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How Alternative Funders Enable Small Biz Success

Alternative lenders are starting to play an important role in small business survival. Marilynn Leonard, co-founder of FundingHub, says matching the business with the right lender will depend on their specific finance requirements.

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Up to 75% of South African small businesses fail within the first year. One of the biggest causes being a lack of funding, or poor financial management. Yet, many small businesses struggle to secure funding, either because they haven’t been in business long enough, or because they don’t understand the intricacies of the lending market.

Alternative lenders are starting to play an important role in small business survival. Marilynn Leonard, co-founder of FundingHub, says matching the business with the right lender will depend on their specific finance requirements.

Speaking in a recent episode of the Sage #SmallBizAfrica podcast, Leonard said some reasons SMEs fail to secure funding include:

  • Not having a compelling reason to borrow money;
  • Applying for a loan and the value is too high for the business to be able to repay; and
  • Not being in business for at least a year with revenue less than R1 million.

“Many small business owners don’t understand that they can only borrow a percentage of their turnover. No lender – whether a bank or an alternative lender – will advance a loan equal to their entire turnover.”

Alternative lenders are not registered with the National Credit Regulator (NCR) and cannot loan money to businesses that don’t meet the one year / R1 million minimum requirement. These businesses are considered start-ups and would have a better chance securing funding through an equity partner or personal finance, says Leonard.

Research has shown that around 40% of small businesses struggle to access funding because they don’t meet traditional lending criteria, which are not small business friendly.

Viresh Harduth, Vice President: New Customer Acquisition (Start-up and Small Business) at Sage Africa & Middle East says: “Small businesses have a better chance of accessing funding if they already have all their finances in order. Cloud-based accounting solutions can help them pull any finance report they need for their loan application.”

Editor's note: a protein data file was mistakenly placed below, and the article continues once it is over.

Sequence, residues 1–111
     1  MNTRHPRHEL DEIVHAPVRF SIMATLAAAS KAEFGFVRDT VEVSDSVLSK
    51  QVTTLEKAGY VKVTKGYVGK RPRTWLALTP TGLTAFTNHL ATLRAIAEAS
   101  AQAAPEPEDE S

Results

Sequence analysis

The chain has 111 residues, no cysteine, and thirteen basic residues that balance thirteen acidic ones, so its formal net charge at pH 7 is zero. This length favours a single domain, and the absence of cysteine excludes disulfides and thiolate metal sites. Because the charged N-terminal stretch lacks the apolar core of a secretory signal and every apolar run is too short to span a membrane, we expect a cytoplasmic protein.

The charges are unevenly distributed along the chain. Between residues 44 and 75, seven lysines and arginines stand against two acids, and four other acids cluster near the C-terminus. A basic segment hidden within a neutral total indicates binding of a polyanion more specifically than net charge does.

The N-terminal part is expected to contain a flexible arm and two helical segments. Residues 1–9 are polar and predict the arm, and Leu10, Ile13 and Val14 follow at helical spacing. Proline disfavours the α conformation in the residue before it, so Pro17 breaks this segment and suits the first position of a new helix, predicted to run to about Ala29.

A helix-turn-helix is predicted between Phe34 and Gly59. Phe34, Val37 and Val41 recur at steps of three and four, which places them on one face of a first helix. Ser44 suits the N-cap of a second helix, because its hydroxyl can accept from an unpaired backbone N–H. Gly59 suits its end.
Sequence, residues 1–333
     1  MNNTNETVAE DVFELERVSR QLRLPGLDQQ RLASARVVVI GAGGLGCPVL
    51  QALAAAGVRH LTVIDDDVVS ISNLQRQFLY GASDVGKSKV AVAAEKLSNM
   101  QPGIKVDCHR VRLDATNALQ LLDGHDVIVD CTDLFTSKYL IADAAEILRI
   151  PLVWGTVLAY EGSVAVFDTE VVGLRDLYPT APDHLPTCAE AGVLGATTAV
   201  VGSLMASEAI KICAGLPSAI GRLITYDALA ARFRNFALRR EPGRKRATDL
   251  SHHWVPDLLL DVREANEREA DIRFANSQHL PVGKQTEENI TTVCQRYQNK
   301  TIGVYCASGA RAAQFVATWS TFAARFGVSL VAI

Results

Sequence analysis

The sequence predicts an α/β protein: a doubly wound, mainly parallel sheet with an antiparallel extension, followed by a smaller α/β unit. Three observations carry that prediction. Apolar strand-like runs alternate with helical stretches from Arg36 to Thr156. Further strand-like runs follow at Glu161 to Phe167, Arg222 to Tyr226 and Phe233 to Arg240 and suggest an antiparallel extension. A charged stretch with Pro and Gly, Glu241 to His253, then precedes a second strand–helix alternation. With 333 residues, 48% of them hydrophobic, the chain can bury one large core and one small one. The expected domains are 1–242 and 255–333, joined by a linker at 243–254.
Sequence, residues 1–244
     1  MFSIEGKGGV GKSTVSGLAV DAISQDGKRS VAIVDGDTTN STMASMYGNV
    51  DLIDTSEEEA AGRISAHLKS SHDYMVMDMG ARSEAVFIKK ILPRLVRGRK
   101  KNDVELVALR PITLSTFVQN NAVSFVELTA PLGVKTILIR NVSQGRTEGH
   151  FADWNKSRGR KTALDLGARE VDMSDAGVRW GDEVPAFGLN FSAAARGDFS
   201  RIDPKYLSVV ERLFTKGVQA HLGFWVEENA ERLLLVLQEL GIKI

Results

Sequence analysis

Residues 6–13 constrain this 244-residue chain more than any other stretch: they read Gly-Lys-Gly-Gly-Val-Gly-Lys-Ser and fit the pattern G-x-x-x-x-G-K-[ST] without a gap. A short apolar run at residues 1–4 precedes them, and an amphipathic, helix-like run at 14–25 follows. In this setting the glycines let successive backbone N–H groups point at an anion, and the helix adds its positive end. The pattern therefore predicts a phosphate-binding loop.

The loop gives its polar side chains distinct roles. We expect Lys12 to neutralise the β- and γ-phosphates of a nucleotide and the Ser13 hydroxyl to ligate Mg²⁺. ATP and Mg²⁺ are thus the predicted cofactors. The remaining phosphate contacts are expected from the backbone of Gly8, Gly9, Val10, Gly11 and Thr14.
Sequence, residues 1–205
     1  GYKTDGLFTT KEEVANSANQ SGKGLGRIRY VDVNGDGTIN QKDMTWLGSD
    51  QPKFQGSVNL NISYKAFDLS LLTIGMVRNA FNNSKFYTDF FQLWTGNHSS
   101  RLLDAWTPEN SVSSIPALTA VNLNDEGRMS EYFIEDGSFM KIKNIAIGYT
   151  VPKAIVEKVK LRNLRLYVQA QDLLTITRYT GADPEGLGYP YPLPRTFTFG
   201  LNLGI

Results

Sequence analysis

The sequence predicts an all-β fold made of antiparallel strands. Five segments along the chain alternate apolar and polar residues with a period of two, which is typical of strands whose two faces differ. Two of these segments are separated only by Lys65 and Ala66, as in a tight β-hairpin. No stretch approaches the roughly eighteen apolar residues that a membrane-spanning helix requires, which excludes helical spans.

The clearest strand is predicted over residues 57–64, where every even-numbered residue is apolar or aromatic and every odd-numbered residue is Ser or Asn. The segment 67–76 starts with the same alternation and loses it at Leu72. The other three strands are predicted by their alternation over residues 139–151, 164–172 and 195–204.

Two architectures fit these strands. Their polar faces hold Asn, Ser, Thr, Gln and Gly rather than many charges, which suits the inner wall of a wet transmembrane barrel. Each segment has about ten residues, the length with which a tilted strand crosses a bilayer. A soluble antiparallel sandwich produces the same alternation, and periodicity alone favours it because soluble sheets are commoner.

Related: How This Alternative Funding Solution Can Solve Your Business Growth Problems

Banks vs alternative lenders

Banks should be a small business’ first choice for funding, says Leonard, because they’re the cheapest. But they’re often slow to grant funding because of the checks and balances they must complete.

In cases where these businesses need money fast – for example, to pay invoices or salaries, or to fulfill a purchase order – alternative lenders are a good supplementary option.

However, the downside of accessing money within a day or two, she says, is the cost of alternative lending. This is why the benefits of accessing funding should outweigh the cost of acquiring it.

Tips for lending success

Before business owners apply for funding, they need to know why they need the capital. “Lenders won’t just hand over money,” says Leonard. “They’ll want to know the purpose of the loan, like expanding into new markets or paying salaries.”

Once they know why the business needs funding, they can decide what funding product is right for them.

“There’s been an uprising of alternative lenders in South Africa. It can be confusing, overwhelming, and time-consuming to find the right one,” she says. “That’s where credit marketplaces like FundingHub come in. We can guide you towards the right lender without you needing to know the intricacies of the available products.”

Credit marketplaces can also help small businesses avoid unsecured lending, or “loan sharks”, says Leonard. “Small businesses might get excited at the prospect of same-day loans, but they’re often ripped off by high interest rates and undisclosed costs.”

This happens because alternative lenders are not regulated by the National Credit Act (NCA). This makes it even more important to find a lender that realises the importance of self-regulation. She advises partnering with a lender registered with the South African SME Finance Association (SASFA), which encourages transparent and responsible lending. This is a relatively new association and is gaining momentum amongst the alternative business lenders.

Banks and responsible alternative lenders are also more understanding and accommodating with loan repayment terms, if the business runs into financial problems, she says. “Lenders are in business because you’re in business. They want to see you succeed. As soon as you have a problem repaying your loan, talk to them about renegotiating your repayment terms.”

Related: Marnus Broodryk Shares Alternative Funding Solutions And How You Can Finance Your Growth

Enabling success

Starting a business in South Africa is not easy, says Leonard. One of the biggest challenges facing small businesses is cash flow caused by slow or late payers. State-owned enterprises (SOEs) and large corporates tend to be the worst offenders.

“When a small business has to wait between 30 and 90 days for payment, they run into cash flow problems and also incur finance charges. At the end of the day, that big order they secured is not as profitable as it could have been. As a result, we’ve seen a surge in products like invoice and purchase order funding.

“Small businesses are starting to realise that alternative funding can be an enabler of their success. It might be expensive but it’s better than losing out on a big deal or not being able to fill a large order.”

Leonard says everyone has a role to play in enabling small business success. Government should enact policies that establish reasonable payment terms and create funding vehicles that help start-ups through the first tough year. They can then approach alternative lenders for the next round of funding.